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Re: [XP] Estimation and load factor

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  • Piergiuliano Bossi
    ... Ok! ... Peter, if you really think that gummybears map in any way to customer value that s ok for me, but I have to disagree, that is to say that
    Message 1 of 17 , Jul 5, 2003
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      Pieter Nagel wrote:

      >Your point seems to be that if we ignore customer value, measuring "work"
      >done per time is a bad time to measure productivity because a team that is
      >coding rocket-science proppellerheadish frameworks that do not support any
      >customer requirement is just wasting time, not being productive. If so, I
      >agree.
      >

      Ok!

      >However, I also feel that given the choice between tracking *nothing* on
      >the one hand, and tracking "gummybears completed per iteration" on the
      >other hand (with the assumption that the team is, in good faith, trying
      >to deliver value and that) - I feel that is a better measure of
      >productivity than not measuring it at all. Not ideal, but maybe good
      >enough for many purposes.
      >

      Peter, if you really think that gummybears map in any way to customer
      value that's ok for me, but I have to disagree, that is to say that
      gummybears, like actual time, measure only effort. You may use it to
      check your estimation accuracy (my position is that in this sense actual
      time works better), you may use it to plan work for the next iteration
      ==> they are perfect for this! But you should avoid using them trying to
      evaluate productivity.

      In order to evaluate productivity you need an independent, objective
      measure of value such that: P = V / E, where P is Productivity, V is
      Value and E is Effort.
      Ok, I know, put it this way is a little bit simplistic but it gives an idea.

      [snip]

      >So at the end of the iteration you some up the estimated value of each
      >completed task to get velocity? That's how gummybears work, too.
      >

      Exactly!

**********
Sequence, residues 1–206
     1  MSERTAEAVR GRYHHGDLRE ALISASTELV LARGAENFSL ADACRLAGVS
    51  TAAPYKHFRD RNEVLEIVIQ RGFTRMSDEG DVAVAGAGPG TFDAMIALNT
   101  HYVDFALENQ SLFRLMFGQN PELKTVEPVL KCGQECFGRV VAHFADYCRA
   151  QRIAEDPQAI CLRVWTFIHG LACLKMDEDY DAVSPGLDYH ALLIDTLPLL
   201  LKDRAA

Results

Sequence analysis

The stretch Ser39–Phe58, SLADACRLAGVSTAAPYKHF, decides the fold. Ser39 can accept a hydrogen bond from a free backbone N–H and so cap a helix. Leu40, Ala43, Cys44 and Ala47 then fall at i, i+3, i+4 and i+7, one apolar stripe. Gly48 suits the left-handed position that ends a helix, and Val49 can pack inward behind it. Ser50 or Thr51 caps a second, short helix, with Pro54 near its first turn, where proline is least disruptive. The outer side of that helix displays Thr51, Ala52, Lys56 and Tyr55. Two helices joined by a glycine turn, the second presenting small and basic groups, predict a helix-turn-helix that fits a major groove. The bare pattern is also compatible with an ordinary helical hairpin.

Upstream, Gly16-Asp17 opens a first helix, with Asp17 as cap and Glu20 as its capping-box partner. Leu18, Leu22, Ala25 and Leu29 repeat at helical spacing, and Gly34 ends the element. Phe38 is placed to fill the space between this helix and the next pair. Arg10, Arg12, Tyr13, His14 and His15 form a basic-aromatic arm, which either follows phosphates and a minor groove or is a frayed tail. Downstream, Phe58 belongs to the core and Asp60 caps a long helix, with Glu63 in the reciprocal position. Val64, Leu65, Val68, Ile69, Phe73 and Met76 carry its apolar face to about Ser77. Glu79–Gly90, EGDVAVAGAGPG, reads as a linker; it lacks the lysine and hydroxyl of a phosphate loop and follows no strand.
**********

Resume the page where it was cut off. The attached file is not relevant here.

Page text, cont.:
>My concern is, suppose for the next iteration you get similar tasks again.
      >Since the team tries to get their estimates to match reality, they say:
      >"Ok, we know writing emails actually takes 4 pomodori, so lets estimate
      >them as such next time round."
      >
      > * WriteOtherEmails 4 / 4 ==> completed
      > * FeedingCatAgain 1 / 1 ==> completed
      > * PlayingWithKids 3 / 3 ==> completed
      > * WashingDishes 1 / 0
      > * Cooking 2 / 0
      >
      >For a velocity of 8, but same amount of work in same time.
      >
      Wrong: according to Yesterday's Weather now you should plan 5 story
      points, nothing more, but if you were working with pomodori you would
      have planned 8 pomodori again. Ok, this is another story.

      That's the rule of the game, as I understand it. Velocity & Yesterday's
      Weather are not there to express productivity in some way, but only to
      let you plan effectively.

      [snip]

      >But don't gummybears *rougly* correlate to customer value delivered? Much
      >much more so than, say, using the humidity of the development room as a
      >rough estimate of productivity?
      >

      I don't know, I have never measured productivity in terms of humidity of
      the development room. I fear that in my office it would be a disaster. :-)
      I think that gummybears *ROUGHLY* correlate to complexity, that is to
      say to effort.

      Ciao, Giuliano



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